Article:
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How To Setup a Sonar Time Machine For an Angular Project

How to extract historical static analysis data from an Angular App into a new SonarQube server.

Johan ZietsmanJohan Zietsman

Overview

Code quality governance is not usually of a high priority when a project starts, but as the codebase grows and developers leave or join the team, the need for that may arise. Recently I faced a similar problem. I was interested not only in the immediate quality of the codebase but also in the quality trend since the start of the project. This post describes how to gather historical quality metrics from a pre-existing Angular project and collect it in SonarQube.

“If you can't measure it, you can't improve it.”— Peter Drucker

Run SonarQube locally

To get started quickly, SonarQube can run locally using Docker. The Dockerized distribution of SonarQube can run with an internal Database.

$ docker run --rm -it -p9000:9000 sonarqube:8.4.1-community

The UI should be available in the broser at localhost:9000 with a default username and password of admin:admin.

Historical Data

The basic idea is to use git log to get one commit from every day since the beginning of the repository and then run the sonar-scanner for each of those commits by checking it out in sequential order. The sonar analysis provides a sonar.projectDate parameter that can be set when performing the analysis, this is essential in telling SonarQube that the analysis being submitted is for a specific day (and not the current date and time).

Since checking out earlier commits of the Angular project won't have the sonar-scanner installed or the sonar-project.properties defined, I opted for installing the sonar-scanner globally and configuring the project parameters through the CLI when running the sonar-scanner.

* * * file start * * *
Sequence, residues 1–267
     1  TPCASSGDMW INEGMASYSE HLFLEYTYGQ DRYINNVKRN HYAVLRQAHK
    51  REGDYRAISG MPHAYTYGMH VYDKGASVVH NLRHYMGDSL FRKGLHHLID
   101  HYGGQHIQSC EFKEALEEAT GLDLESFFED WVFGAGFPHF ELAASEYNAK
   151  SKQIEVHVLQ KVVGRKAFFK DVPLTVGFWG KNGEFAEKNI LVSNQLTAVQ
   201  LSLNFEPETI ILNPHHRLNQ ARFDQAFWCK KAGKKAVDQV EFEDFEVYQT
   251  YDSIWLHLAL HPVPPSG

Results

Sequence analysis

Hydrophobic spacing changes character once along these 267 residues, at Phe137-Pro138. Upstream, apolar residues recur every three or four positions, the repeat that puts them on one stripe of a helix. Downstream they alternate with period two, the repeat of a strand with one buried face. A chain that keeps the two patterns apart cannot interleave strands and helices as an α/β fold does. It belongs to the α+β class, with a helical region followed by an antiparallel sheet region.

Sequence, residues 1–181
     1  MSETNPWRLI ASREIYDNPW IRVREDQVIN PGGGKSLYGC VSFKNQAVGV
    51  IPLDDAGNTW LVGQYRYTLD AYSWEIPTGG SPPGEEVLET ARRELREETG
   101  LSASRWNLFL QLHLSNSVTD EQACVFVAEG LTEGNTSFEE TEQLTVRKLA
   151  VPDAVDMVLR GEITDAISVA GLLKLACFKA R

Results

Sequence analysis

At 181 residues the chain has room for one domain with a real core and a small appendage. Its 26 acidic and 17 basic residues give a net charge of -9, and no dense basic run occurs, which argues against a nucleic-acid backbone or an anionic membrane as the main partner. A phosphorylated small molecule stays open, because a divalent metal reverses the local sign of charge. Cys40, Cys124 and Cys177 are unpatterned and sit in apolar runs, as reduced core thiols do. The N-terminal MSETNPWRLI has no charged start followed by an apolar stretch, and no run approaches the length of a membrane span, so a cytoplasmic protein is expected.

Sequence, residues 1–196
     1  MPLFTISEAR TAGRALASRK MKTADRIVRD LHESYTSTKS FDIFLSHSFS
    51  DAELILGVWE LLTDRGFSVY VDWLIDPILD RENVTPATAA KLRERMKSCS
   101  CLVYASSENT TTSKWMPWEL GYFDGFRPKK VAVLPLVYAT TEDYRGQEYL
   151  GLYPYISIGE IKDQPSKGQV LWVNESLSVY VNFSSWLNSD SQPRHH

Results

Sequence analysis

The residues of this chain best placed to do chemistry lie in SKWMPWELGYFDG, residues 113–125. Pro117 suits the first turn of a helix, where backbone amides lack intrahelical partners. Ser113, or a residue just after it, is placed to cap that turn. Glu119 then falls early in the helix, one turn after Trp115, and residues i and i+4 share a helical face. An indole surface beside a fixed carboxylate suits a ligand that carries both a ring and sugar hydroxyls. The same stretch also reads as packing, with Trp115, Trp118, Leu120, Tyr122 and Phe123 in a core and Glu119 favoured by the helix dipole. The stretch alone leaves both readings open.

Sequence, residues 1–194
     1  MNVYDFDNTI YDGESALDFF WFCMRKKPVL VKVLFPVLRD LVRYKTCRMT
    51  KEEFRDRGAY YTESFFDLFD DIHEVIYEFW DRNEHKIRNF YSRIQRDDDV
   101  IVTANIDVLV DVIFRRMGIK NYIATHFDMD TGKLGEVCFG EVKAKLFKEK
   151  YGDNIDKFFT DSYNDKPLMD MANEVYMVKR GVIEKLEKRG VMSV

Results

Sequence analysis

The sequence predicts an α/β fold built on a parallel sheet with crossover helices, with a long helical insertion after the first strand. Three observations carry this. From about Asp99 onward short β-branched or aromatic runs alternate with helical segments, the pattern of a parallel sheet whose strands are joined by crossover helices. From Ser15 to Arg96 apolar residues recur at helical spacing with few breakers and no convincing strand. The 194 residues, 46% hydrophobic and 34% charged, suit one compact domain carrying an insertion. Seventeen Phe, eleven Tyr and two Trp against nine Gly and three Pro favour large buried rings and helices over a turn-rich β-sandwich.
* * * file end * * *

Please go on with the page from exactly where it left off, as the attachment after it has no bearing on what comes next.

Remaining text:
$ npm install -g sonarqube-scanner

Picking one commit from every day since the beginning of the repository reduces the time it would take to get historical data into sonar, if you have an older repostiory, once a week may be enough. To pick one commit from every day git log can be combined with awk and sort:

$ git log --pretty="%ci %H" | awk '{ print $1,$4}' | awk '{arr[$1]=$2}END{for (a in arr) print a, arr[a]}' | sort
...
2014-09-18 6a3abf2366e2c32ce3460155903262fee01736c8
2014-09-19 afa761646472120edef1f9b01f219f125f20128e
2014-09-20 45f8a5119488d28bf90311b2dd7fc55ee6f7d92a
2014-09-21 e5224d2cb38f8eec93d6eb3dd576d5babdbb97b3
2014-09-24 57b3297bf65fb781848b0a72e84dbbadcb4b57ff
...

The command will produce list containing the first commit of every day and the date of the commit. The next step is to check out each of these commits (from oldest to latest) and run the tests with --code-coverage followed by sonar-scanner with the -Dsonar.projectDate set to the date of the commit.

The whole script:

Sample sonarqube dashboard:

sonar_dashboard

Conclusion

This post shows a simple, yet effective way to get historical static analysis data into a new SonarQube server. The information may be useful in determining if the internal quality of the codebase is heading in the right direction.

Photo by Djim Loic on Unsplash

Curious software developer, motorcycle enthusiast, rugby fanatic and biltong connoisseur. My code always works sometimes.

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